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History of marketing

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“Marketing” is a multifaceted term with roots dating back to ancient civilizations and evolving over centuries. Its beginnings are traced back to early practices in Mesopotamia and China, with refinements occurring during the Middle Ages. Modern marketing techniques took shape between the 17th and 20th centuries, with a focus on branding, product differentiation[1], and demographic segmentation. Marketing orientations and philosophies have also progressed over time, highlighting various corporate perspectives. A significant shift occurred with Phillip Kotler’s proposal of the societal marketing[2] concept in 1972, which emphasized customer[3] needs and societal welfare, balancing profitability with societal benefits. This concept encourages sustainable marketing strategies, stakeholder-oriented approaches, and a focus on social responsibility. The evolution of marketing theory has seen an increasing emphasis on this societal perspective, paving the way for a more holistic approach in marketing practices.

Terms definitions
1. product differentiation.
1 Product differentiation is a marketing strategy that businesses use to distinguish their products from similar offerings in the market. This approach involves creating a unique selling proposition or highlighting specific traits that make the product superior or different from its competitors. There are three main types of product differentiation: vertical, horizontal, and other types like spatial differentiation. Vertical differentiation refers to differences in quality and price, objectively measured by consumers. Horizontal differentiation, on the other hand, is subjective and related to personal preferences, such as color or flavor. Spatial differentiation considers geographical location as a differentiator. This strategy can lead to a competitive advantage, higher profits, increased consumer value, and market segmentation. However, it can also impact pricing and demand, especially in the presence of substitute goods.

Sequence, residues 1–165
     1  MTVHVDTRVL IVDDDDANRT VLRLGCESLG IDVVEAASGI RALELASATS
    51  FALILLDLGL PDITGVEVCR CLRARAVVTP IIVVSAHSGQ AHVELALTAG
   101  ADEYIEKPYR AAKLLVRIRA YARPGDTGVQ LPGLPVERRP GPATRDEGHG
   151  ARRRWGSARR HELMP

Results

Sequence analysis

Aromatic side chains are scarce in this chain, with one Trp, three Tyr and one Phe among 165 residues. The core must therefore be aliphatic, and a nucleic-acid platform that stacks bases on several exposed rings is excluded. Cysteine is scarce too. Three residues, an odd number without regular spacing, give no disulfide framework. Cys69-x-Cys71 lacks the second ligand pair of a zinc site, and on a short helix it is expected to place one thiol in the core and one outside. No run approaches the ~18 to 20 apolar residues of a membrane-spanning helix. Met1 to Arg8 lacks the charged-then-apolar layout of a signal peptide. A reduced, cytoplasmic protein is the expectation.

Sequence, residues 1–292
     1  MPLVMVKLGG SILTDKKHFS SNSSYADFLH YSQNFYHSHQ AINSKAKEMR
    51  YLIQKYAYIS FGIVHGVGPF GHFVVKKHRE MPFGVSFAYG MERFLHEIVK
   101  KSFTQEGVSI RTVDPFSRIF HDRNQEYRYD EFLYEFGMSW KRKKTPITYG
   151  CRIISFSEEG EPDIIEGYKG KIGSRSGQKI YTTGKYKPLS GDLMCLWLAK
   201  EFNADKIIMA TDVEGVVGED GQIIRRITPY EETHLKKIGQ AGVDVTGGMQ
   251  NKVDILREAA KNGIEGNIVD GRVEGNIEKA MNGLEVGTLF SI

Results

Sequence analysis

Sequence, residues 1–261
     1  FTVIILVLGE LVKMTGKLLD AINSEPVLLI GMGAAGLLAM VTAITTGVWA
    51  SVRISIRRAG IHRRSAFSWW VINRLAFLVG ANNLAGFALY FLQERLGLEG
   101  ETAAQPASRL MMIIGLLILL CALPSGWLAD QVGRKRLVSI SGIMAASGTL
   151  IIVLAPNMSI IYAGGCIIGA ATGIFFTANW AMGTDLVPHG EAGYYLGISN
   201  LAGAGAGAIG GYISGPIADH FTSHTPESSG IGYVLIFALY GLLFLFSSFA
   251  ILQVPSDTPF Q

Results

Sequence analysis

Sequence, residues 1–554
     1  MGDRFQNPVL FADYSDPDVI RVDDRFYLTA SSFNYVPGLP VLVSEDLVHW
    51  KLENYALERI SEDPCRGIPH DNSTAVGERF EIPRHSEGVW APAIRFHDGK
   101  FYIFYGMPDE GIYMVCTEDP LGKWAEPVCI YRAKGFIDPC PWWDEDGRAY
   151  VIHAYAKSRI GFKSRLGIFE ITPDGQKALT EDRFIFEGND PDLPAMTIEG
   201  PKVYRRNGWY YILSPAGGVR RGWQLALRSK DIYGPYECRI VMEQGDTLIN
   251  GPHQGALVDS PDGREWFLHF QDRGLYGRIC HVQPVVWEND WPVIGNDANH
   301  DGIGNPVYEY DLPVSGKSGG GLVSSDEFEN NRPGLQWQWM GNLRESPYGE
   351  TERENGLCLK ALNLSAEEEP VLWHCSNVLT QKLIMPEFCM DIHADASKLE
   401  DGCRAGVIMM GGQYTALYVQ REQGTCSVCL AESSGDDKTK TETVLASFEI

2 Product differentiation is a marketing strategy that businesses use to distinguish their products from similar offerings in the market. This approach involves creating a unique selling proposition or highlighting specific traits that make the product superior or different from its competitors. There are three main types of product differentiation: vertical, horizontal, and other types like spatial differentiation. Vertical differentiation refers to differences in quality and price, objectively measured by consumers. Horizontal differentiation, on the other hand, is subjective and related to personal preferences, such as color or flavor. Spatial differentiation considers geographical location as a differentiator. This strategy can lead to a competitive advantage, higher profits, increased consumer value, and market segmentation. However, it can also impact pricing and demand, especially in the presence of substitute goods.